"No sir. Just…I thought maybe Sammy could stay home this time. He doesn't have to come with me every time I go out."
"He doesn't have to, but he likes it. You know I don't want him going out on his own."
"Yes sir. He's happy with his books, though." Dean rolled his eyes at this, as he always did at more evidence of the total geek his little brother was growing into.
"All the more reason to get him out in the sunlight when there's an opportunity."
Dean stood in the doorway a moment longer, and John made a shooing motion with the fingers of one hand. "Go on. Take your brother and get out of here. It's a nice day."
John listened with one ear to the conversation in the next room, Dean badgering his brother into digging himself out of whatever world he'd found, talking about baseball and sun and green grass and the cool kids from next door. Sam whined, but gave in, and there was a slamming of books and a thundering of sneakers on the cheap floor, vibrating through John's feet. After a few minutes, he went to the window and looked down to the street, angling his head to keep an eye on his boys as they walked toward the park, jostling each other, shoving, talking loudly and gesticulating. Their strides were matched without effort, without thought, seeming to move in unison despite the size difference between them, Dean's compact grace, Sammy's all-arms-and-legs gangle.
Dean might object to his brother tagging along once in a blue moon, but he never resented it. Not really.
Hand-me-downs had always been a fact of life in their family. It wasn't even worth talking about. Sometimes John was glad that he hadn't had a boy and a girl instead of two boys for the simple fact that it cut the cost and trouble of clothing in half. They got hand-me-downs from outside the family, too, the charity bin at Jim's church, Goodwills and Salvation Army stores all over the country. No big deal. Just life.
When Sam passed Dean in height, though, there was a rumble of discontent. The first time Dean had to wear a shirt that had belonged to Sam first, he sighed a long slow sigh of true sorrow and unease. Sam smirked, for the first time in his life truly having something over on his older brother. John waited for the teasing, the insults, but they didn't come. Dean accepted the way it was and Sam, thankfully, didn't pick at the wound. It could have been a true bone of contention between the two, but as with many small difficulties in their life, Sam and Dean simply smoothed over it.
This was a bit different though.
Sam stared mournfully at the pair of jeans his father held out to him, not reaching forward to take them. John gave the waistband in his hands a little shake, letting the denim legs slide together, a quiet rustle, soft from much wear. "C'mon, son, there's just a couple of little holes in the knees. I can't wear them on the job anymore, but they're fine for you. You can even patch them if you want."
Sam continued to stare, hazel-brown eyes wide and sad. "I just…I never thought that I would be getting hand-me-downs from you."
"Well, the day had to come eventually. You're growing like a weed. Give it another year and I might be getting yours. How's that?"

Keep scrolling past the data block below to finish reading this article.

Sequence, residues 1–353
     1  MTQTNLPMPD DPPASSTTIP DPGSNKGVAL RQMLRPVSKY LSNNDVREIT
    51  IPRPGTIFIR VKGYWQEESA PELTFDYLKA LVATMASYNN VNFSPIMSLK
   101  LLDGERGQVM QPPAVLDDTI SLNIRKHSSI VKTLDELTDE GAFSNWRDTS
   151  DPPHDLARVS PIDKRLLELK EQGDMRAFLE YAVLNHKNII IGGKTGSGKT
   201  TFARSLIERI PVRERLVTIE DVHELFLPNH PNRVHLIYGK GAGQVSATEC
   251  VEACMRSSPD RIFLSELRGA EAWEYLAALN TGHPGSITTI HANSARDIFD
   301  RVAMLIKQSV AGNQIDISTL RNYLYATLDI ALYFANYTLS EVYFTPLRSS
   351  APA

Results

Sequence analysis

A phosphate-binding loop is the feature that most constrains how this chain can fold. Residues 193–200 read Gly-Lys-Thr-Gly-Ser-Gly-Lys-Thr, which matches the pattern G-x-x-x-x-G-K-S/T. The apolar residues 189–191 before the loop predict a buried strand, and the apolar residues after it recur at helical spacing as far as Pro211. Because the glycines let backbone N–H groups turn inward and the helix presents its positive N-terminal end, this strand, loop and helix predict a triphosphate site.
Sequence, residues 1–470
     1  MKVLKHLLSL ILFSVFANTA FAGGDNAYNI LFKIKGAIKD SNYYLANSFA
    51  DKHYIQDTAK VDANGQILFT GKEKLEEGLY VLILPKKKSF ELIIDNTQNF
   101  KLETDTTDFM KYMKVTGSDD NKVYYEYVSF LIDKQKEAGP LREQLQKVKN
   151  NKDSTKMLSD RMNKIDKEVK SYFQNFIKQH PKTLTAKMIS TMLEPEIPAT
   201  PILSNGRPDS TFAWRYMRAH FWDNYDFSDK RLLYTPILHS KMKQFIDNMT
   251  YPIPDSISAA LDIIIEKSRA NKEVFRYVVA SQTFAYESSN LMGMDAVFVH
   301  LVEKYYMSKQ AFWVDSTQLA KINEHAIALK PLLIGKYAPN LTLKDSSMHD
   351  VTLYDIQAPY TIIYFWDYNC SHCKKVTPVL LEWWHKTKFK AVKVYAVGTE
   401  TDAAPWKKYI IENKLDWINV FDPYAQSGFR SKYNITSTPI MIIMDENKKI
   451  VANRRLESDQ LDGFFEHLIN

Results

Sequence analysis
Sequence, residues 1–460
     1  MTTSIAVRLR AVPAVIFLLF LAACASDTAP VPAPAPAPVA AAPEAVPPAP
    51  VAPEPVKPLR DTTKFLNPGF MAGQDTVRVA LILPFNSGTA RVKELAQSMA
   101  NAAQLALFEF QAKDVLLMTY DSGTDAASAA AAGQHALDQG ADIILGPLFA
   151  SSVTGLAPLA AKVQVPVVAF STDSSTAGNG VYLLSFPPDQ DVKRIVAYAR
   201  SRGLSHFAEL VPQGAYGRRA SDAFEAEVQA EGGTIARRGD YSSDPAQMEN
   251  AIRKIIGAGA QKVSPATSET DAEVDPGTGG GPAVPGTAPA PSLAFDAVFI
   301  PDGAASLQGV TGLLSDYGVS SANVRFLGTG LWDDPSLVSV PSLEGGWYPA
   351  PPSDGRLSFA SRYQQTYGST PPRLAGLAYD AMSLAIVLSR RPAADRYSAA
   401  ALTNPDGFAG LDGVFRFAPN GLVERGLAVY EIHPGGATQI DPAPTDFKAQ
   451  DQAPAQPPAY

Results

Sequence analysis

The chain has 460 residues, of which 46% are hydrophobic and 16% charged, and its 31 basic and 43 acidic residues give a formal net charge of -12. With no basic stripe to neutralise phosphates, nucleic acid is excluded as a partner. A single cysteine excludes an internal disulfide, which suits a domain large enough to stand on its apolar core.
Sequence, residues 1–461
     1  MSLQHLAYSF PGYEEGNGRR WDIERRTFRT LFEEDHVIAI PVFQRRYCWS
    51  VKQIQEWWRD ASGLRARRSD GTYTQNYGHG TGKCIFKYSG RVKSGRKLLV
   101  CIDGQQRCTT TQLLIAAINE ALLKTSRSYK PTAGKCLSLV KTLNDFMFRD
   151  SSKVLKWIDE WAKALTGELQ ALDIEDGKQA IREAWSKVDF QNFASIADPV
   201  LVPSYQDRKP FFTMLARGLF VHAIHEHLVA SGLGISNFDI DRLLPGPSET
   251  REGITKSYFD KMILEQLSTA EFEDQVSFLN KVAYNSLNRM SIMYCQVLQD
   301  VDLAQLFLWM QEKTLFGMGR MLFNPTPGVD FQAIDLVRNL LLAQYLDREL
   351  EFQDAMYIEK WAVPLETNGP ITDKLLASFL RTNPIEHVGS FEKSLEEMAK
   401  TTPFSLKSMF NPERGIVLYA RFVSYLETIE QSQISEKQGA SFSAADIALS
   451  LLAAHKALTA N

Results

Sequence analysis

The kid lifted a hand to scrub through his hair, and John saw the way his wrist jutted, too wide for the narrow arm, the spread of the broad palm, the thick, sensitive fingers. A puppy with paws too big for his body yet. Yeah, there was definitely some growth left on this boy.
"Sam. Take them. Are you going to complain?"
Sam narrowed his eyes at this. "No sir."
He took the jeans.
John sat with his back to the motel door, sick, mind spinning. Couldn't think, couldn't let himself remember what had just been said. What he had said to his son. Too terrible even to let the words into his head. So he sat there, unmoving. Let the boys think he had gone to a bar, driven wildly off somewhere, stomped into the night, still furious. He just needed a few minutes to gather himself, to stop feeling ill, and then maybe he would do that.
The door was paper-thin, and he could hear every word that passed between his sons, Dean's voice, muffled and sad, Sam's voice, louder, insistent, trying to make his brother understand. Dean would never understand this, but John could. He did understand. It just made him even sicker.
"I just…I don't get why you feel like you have to go. Is this life so bad, so horrible? We save people. We get rid of evil. Is that not good enough for you?"
"Of course it's a good life. I never said it wasn't. I never said I wanted to leave forever. I just wanted to go to college. But with what Dad said, well, I guess I won't be coming back."
"You don't have to go at all."
"No, I do! I need this. I need to learn about this. I need to make friends that I can keep, have teachers who know what I need. Maybe even have a girlfriend for more than a few months. I know you never needed or wanted anything like that, but I do."
"No, Dean. I'm not going to let you talk me out of this. I'm sorry, okay? I didn't want it to go this way. But I want to get out there and try to live on my own. I want to see what it's like to live in the same place for more than one year. We never did that, not once."
John dragged himself to his feet and stumbled away. Yes, he understood. That didn't make it any better, though. Understanding only made it worse.